DeFreitas & Minsky Accounting Blog

What is Short Selling?

Posted by admin on Jul 1, 2014 8:12:55 AM

short selling

Before we can talk about what short selling means, let’s hammer out the details about buying and selling stocks in general. A publicly traded company is one that offers its securities, which are stocks/shares/bonds/loans/etc., for sale to the general public. This means that individuals can buy a piece of ownership in the company through the stock exchange. Most often, many people go through brokers when buying and selling stocks.

When you use a broker to buy and sell stocks, you set up either a cash or margin account. If you set up a cash account, you’re required to pay for your stocks as you purchase them, but if you set up a margin account, your broker lends you a portion of the necessary funds, and the security (stock) serves as collateral for the loan.

The Meaning of "Short Selling"

Now that we’ve set the scene for all this stock-talk, let’s get back to what we mean by ‘short selling.’ Going long on an investment is what most people think of when they imagine investing in stocks: buying a stock that you plan on holding onto, with the belief that it will increase in value over time.

Short selling, on the other hand, doesn’t actually involve any kind of initial purchase of stock. When you short sell, you’re not even selling a stock that you own—you’re selling stocks that you’re essentially borrowing from your broker. Sound confusing? We’ll clarify.

Say you want to short sell $10,000 worth of stock in Company A, because you expect the stock price to drop. Your broker will lend you the stock, and you will sell it for $10,000. Eventually, you’ll have to “close” the short sale, which means you buy back the same number of shares and return them to your broker. This is called “covering” your short sale.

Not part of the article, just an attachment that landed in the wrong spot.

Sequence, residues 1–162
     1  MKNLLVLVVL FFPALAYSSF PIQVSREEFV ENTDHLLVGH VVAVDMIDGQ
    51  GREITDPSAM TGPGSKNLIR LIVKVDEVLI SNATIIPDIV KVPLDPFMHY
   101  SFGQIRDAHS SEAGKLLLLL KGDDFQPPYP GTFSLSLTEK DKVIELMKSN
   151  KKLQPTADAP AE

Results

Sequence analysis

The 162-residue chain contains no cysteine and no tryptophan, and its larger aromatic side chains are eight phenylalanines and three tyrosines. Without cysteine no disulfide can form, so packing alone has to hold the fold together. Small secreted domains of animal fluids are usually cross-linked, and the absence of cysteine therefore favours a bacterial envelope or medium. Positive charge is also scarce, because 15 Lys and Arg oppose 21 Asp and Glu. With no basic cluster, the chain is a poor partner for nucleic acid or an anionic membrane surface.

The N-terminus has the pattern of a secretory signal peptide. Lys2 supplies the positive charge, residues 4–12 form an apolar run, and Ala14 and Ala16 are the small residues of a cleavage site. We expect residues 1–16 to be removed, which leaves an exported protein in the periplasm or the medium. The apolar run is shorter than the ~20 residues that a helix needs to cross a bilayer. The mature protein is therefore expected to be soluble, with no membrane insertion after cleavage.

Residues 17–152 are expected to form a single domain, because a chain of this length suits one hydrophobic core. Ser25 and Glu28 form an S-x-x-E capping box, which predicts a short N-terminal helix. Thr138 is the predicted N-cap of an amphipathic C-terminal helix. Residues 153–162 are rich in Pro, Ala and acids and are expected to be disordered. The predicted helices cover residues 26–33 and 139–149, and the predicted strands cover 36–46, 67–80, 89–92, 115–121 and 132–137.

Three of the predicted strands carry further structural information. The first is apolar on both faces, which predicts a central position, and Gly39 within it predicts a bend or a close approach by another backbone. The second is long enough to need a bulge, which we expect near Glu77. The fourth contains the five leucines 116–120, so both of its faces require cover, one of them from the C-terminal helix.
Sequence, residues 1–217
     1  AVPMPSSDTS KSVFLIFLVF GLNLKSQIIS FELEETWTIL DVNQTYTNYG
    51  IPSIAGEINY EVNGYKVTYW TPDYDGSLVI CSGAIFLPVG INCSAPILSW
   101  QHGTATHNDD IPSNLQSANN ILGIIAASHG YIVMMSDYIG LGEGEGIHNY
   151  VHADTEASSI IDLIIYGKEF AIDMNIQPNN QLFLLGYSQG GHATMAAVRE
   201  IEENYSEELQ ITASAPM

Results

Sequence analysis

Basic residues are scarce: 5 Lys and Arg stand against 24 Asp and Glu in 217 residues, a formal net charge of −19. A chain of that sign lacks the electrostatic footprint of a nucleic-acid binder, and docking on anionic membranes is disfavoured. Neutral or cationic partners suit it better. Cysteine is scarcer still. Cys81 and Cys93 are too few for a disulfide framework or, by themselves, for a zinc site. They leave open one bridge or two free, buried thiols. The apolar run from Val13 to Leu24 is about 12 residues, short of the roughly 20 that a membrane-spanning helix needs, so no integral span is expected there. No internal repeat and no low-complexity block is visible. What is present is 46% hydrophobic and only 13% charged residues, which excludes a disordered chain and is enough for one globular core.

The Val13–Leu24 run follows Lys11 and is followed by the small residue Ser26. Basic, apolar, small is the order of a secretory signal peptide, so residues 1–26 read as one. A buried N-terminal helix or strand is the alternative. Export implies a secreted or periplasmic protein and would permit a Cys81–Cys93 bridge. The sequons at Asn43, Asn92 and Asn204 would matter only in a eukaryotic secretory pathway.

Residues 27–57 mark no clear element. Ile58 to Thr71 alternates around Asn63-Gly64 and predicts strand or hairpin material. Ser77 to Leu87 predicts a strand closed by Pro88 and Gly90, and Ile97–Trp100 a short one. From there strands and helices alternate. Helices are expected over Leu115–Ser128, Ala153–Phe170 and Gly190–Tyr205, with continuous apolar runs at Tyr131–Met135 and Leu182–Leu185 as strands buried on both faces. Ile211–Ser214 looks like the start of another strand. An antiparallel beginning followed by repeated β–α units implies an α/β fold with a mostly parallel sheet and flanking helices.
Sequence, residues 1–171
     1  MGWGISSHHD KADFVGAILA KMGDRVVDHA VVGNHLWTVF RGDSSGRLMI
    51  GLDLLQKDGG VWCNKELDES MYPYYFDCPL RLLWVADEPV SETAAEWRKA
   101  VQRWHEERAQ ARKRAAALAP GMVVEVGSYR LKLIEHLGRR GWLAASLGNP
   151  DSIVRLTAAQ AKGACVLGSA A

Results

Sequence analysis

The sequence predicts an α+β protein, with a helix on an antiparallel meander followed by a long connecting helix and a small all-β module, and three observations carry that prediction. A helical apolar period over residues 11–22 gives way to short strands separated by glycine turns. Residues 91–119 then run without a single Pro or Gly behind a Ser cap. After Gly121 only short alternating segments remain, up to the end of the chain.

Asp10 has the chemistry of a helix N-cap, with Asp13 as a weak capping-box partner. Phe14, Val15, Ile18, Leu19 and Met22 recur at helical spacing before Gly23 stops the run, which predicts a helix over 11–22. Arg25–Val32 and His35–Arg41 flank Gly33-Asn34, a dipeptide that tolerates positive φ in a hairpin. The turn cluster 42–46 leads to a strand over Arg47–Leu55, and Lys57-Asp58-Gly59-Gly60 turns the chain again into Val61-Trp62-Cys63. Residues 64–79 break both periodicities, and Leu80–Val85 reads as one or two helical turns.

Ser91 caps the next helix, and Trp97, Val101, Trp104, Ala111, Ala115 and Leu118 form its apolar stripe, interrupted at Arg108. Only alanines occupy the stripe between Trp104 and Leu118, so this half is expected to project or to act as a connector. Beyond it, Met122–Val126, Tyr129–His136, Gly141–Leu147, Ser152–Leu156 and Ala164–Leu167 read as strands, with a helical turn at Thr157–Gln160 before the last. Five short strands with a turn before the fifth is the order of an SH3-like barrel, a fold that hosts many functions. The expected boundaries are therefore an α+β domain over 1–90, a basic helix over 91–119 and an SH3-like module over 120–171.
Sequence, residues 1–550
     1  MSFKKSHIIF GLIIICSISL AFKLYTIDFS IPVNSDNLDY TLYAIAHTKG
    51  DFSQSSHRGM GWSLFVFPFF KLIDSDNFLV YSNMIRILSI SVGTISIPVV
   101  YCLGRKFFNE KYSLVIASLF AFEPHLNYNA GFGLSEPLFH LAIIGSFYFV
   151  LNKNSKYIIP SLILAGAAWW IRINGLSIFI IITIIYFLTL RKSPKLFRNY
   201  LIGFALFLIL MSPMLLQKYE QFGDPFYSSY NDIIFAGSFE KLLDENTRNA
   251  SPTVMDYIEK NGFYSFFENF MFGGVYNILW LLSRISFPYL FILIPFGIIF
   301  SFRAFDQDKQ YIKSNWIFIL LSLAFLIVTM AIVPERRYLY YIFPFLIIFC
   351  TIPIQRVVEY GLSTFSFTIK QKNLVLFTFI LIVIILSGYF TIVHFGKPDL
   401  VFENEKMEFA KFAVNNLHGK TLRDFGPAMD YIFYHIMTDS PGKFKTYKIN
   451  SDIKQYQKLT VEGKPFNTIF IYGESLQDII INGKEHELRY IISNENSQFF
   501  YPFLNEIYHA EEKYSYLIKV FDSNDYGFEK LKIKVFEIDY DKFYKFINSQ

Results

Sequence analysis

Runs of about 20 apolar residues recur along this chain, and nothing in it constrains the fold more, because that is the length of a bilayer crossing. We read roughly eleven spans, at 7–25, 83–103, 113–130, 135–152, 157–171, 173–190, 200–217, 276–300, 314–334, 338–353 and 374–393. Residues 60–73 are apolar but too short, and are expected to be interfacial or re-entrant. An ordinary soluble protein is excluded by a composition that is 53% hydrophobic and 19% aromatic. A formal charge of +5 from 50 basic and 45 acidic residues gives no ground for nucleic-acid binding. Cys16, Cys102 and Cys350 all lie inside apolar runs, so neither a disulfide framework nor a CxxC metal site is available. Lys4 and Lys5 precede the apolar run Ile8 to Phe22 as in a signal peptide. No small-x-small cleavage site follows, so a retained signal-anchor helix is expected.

The idea is to buy the stock back for a lower price than the price at which you sold it, making a profit on the difference. However, this strategy doesn’t always work out, and sometimes you have to buy the stock back at a higher price than you sold it, meaning you lose money on the overall sale.

From the time that you borrow the stock from your broker to the time that you return it, you’ll owe your broker any dividends or rights that are declared on that stock. This means that any money that your broker would’ve accrued from the stock during that time, you’ll have to pay him.

Have any more questions about short selling stocks? Call our office at (516) 746-6322 to speak with one of our Certified Public Accountants who are more than happy to help you out!

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Topics: Financial Planning

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